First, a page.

NIKE Cornell Store

Courtesy of Cornell Organization for Labor Action

July 10, 2017

Pollack Cuts Ties With Nike Citing Failure to Meet Labor Guidelines

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After more than a year of Cornell Organization for Labor Action protesting Nike’s relationship with the University, President Martha Pollack took action and cut ties with the leading sportswear brand in a letter dated July 7.

The letter notified Nike and Branded Custom Sportswear — the apparel maker’s exclusive licensee for college apparel — that since they were unwilling to attest to a labor code of conduct, vetted by Cornell and peer institutions, their licensing relationship had been terminated, the University announced Monday.

COLA began protesting the University’s ties with Nike when the company refused to allow the Workers Rights Consortium to independently monitor its factories over two years ago.

Earlier the administration had said that there was “not enough evidence” to make a decision.

The letter marks the second time that Cornell has cut ties with Nike. In an earlier interview COLA member Alfie Rayner ’18 had explained how Cornell terminated its contract five years ago due to Nike’s violations of the Bangladesh Health and Safety Accords.

In the July 7 letter, Pollack allowed for the possibility of the licensing agreement to be renewed if Nike decides to adopt suitable labor conditions.

“To the extent that Nike and/or BCS decide in the future to embrace the IMG standard contract language, Cornell University will be happy to re-engage with you as licensing partners,” Pollack wrote.

The Cornell Store will sell its current stock of Nike merchandise, but no new orders will be placed, the University said.

Members of COLA praised Pollack’s decision in a press release and highlighted that Cornell is now the fifth school to take action against Nike’s alleged labor violations, following Rutgers, Georgetown, UC Santa Barbara and Northeastern.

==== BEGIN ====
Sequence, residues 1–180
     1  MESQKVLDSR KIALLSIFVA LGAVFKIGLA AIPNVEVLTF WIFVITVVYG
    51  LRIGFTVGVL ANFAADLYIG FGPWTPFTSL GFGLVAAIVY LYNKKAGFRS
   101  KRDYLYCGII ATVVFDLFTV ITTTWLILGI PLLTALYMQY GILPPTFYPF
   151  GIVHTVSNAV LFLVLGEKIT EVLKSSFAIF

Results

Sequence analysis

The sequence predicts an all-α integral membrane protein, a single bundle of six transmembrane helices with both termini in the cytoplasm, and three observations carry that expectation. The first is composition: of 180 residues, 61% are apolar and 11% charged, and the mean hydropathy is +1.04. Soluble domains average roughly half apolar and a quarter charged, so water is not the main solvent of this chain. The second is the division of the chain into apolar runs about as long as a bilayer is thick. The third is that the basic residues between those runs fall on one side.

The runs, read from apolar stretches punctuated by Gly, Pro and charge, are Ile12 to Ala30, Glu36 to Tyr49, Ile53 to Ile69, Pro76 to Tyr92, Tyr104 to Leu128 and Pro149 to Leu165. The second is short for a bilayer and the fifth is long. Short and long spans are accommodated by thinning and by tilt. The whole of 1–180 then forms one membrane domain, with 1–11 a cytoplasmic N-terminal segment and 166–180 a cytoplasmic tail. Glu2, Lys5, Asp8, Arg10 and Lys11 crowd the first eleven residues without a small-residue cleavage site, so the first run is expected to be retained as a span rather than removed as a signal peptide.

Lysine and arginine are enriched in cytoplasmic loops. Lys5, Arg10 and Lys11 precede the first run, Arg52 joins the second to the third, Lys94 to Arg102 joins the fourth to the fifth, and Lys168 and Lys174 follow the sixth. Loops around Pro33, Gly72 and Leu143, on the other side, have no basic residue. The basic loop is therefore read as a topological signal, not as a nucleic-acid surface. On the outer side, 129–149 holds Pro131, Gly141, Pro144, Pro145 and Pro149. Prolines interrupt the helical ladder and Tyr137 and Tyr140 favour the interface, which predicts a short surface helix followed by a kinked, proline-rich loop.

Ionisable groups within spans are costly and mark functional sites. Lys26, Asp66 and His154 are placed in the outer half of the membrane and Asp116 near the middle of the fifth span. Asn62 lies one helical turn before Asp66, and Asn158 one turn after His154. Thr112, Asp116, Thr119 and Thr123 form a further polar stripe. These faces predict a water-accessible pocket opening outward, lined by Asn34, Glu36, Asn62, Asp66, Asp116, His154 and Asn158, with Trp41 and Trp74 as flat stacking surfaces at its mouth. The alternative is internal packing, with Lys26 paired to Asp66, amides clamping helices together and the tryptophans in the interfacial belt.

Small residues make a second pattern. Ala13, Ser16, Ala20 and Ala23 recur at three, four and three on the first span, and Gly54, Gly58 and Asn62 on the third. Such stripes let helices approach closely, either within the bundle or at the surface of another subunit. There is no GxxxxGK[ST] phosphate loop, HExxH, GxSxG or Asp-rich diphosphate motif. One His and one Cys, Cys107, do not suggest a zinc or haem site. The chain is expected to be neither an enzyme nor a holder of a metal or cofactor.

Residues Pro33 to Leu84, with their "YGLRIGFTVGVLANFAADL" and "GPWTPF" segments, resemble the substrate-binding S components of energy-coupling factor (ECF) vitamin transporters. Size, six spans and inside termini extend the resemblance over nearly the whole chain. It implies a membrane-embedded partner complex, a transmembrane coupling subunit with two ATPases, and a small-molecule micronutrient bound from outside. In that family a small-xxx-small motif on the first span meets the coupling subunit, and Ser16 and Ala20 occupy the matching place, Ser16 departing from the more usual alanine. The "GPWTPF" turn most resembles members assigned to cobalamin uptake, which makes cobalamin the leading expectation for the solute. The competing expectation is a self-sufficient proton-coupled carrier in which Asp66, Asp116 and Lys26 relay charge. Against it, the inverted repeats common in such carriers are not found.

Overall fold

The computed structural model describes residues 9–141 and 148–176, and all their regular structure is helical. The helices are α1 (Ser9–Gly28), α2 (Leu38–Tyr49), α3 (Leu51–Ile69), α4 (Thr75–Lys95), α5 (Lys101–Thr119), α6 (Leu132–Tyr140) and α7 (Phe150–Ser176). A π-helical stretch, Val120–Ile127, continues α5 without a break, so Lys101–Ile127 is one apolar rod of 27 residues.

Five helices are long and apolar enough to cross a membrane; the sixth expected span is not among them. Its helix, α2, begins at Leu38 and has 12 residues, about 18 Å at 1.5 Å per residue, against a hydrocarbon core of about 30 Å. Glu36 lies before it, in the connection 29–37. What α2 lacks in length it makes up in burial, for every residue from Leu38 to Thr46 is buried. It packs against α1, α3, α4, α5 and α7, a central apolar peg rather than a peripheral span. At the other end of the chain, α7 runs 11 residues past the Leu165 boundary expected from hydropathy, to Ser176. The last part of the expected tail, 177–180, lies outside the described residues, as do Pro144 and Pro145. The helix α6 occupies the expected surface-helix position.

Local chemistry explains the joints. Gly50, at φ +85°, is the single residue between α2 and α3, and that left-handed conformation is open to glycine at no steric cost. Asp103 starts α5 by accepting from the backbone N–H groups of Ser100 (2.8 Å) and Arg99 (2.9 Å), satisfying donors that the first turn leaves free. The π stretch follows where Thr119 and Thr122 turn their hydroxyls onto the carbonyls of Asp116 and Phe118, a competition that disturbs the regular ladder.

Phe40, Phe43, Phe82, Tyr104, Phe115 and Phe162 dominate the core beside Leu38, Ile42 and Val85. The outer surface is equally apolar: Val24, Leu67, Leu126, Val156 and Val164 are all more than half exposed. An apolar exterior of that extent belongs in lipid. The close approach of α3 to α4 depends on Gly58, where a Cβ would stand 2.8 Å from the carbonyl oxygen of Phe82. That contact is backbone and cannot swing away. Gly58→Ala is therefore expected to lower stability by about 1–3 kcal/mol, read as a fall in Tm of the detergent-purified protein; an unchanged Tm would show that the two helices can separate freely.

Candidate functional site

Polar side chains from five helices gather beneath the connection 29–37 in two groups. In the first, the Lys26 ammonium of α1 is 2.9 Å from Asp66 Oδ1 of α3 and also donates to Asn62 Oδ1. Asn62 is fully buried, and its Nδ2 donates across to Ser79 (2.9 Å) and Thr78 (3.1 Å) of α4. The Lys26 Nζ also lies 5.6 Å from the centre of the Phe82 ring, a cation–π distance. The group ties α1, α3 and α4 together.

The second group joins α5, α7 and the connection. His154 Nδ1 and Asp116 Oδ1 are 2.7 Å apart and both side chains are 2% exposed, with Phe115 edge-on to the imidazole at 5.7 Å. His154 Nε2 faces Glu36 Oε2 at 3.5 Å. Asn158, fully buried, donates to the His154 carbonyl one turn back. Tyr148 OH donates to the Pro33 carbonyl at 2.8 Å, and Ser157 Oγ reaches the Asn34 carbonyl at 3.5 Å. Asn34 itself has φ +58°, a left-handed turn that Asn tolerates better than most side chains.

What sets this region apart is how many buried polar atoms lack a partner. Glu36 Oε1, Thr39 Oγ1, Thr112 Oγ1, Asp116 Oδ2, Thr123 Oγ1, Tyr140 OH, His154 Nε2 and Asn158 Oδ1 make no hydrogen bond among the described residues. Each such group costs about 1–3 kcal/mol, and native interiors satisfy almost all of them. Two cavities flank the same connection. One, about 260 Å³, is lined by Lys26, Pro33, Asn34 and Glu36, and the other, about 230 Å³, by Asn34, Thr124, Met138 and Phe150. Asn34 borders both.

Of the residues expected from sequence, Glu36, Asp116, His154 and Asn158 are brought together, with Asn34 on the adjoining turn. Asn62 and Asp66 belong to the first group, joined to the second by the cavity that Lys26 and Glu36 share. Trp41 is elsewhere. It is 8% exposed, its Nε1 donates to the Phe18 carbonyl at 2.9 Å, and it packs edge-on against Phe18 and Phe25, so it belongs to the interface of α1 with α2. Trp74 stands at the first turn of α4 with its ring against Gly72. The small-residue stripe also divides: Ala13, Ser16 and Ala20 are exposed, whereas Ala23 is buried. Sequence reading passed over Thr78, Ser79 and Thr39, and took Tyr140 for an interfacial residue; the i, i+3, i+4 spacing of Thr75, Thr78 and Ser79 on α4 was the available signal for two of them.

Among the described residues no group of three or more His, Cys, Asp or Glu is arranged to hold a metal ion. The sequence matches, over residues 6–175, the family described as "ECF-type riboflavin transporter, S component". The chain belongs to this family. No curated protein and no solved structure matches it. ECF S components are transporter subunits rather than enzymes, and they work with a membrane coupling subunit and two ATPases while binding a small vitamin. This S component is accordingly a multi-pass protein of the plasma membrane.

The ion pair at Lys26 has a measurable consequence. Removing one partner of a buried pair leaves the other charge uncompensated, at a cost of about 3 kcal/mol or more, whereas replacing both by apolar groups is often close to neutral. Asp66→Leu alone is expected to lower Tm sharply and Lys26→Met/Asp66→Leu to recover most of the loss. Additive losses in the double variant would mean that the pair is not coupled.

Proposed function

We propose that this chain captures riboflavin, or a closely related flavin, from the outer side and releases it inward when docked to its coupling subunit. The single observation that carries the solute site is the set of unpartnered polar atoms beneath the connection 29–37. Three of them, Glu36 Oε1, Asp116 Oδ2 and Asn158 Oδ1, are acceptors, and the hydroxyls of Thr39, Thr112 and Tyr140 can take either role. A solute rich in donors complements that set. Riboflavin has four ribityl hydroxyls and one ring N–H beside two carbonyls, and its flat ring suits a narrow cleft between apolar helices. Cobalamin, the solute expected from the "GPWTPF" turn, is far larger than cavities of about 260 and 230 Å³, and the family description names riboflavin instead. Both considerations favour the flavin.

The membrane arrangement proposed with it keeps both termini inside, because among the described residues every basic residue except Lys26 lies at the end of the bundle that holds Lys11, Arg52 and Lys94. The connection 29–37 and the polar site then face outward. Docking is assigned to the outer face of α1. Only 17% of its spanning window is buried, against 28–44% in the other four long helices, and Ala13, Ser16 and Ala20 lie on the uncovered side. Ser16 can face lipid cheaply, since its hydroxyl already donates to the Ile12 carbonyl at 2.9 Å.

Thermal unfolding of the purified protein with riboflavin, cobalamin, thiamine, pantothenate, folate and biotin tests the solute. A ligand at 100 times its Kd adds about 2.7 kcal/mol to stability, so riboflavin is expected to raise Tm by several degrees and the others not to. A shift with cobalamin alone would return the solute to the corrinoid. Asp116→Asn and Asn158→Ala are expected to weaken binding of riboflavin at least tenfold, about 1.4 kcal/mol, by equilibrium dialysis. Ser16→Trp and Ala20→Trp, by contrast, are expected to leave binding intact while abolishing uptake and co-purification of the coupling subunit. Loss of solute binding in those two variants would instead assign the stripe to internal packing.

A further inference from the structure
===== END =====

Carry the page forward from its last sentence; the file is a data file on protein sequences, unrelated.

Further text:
“COLA is proud to see Cornell’s standing commitment towards upholding Cornell’s values and legacy on global labor issues,” it said.

  • Sad

    These same COLA members complain when prices are too high at the Cornell Store. As always, they don’t care what the consequences of their actions will be.

    • Student

      Odd, I’ve never seen or heard COLA complain about prices, their thing seems to be more about labor rights, something I think we can all get behind, even for marginally higher prices…

      • I’ll Take Capitalism Please

        Speak for yourself. Some of us have to actually work for our money instead of spending our parents money or taking out irresponsible loans.

  • Geoff

    But Cornell athletics will continue to buy nike…

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  • Umm…

    It seems contradictory that Cornell Sports Teams that represent Cornell University near and far will be wearing NIKE products on the field.

    Why was that not the target of this? That is more of a University statement than selling a product to people who have a choice to purchase and/or not purchase in protest.

  • Acturg

    Focus on getting grads decent jobs with wages that justify the high cost of tuition.